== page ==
The Destinies of Darcy Dancer, Gentleman

by .J. P. Donleavy
Delacorte/Seymour Lawrence, $8.95
A gentleman, according to the Oxford English Dictionary, is “a man of chivalrous instincts and fine feelings.” Such to be sure is J. P. Donleavy’s latest dauntless hero, Darcy Dancer, a charming, good-looking, and much put-upon scion of the Irish aristocracy.
Darcy’s difficulties bear an uncanny resemblance to those of his roguish eighteenth-century predecessor, Tom Jones. Already suffering from the death of his mother and the murky circumstances of his begetting, he is cast out of his ancestral home—where he is attended by various loony servants—because of his dalliance with the housekeeper. Irate fox-hunters, sleazy bohemians, and other inferior types pepper the road to reinstatement, and Darcy Dancer’s gentlemanliness, along with his stamina, is well tested.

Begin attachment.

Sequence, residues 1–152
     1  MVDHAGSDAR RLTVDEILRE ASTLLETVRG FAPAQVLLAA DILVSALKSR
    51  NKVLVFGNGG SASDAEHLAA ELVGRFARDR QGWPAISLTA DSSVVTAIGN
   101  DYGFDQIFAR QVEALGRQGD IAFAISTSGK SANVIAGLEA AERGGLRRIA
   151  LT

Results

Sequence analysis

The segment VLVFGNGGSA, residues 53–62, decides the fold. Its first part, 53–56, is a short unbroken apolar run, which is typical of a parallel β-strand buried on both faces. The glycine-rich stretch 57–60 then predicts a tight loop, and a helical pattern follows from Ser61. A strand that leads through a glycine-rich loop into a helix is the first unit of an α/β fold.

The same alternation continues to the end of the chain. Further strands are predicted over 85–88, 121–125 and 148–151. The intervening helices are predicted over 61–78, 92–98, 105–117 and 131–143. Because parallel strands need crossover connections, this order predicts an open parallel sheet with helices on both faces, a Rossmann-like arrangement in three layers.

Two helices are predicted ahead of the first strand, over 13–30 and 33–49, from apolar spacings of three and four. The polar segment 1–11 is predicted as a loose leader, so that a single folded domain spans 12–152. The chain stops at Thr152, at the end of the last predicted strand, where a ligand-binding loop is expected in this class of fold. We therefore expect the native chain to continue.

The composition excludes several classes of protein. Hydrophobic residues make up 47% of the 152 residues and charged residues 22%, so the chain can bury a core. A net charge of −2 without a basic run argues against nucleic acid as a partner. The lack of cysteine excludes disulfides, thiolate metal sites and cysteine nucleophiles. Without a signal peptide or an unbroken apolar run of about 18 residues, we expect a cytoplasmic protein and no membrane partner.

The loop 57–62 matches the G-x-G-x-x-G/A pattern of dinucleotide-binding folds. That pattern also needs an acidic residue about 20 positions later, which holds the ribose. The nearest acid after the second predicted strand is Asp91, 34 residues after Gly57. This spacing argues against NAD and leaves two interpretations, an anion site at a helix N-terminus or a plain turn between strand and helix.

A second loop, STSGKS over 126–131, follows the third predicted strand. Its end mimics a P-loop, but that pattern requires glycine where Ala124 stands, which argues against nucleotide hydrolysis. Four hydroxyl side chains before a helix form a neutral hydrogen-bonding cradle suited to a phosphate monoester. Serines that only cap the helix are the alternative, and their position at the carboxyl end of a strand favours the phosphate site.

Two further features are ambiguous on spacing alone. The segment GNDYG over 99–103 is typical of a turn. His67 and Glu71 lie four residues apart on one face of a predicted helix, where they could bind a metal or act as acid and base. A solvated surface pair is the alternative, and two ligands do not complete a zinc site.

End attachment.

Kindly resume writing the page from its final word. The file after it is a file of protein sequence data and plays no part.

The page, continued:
Donleavy has provided several ironic twists to this tale in order to prove that true nobility is more a matter of integrity and spirit than of birth or pocketbook—an idea as little understood today, apparently, as it was in Fielding’s time. He has also moderated the bitterness that prevailed in his last few novels, in favor of a lilting lyricism which is surprisingly moving. This is nicely offset by frequent moments of hilarity, including one of the most riotous chase scenes ever to gallop across the printed page.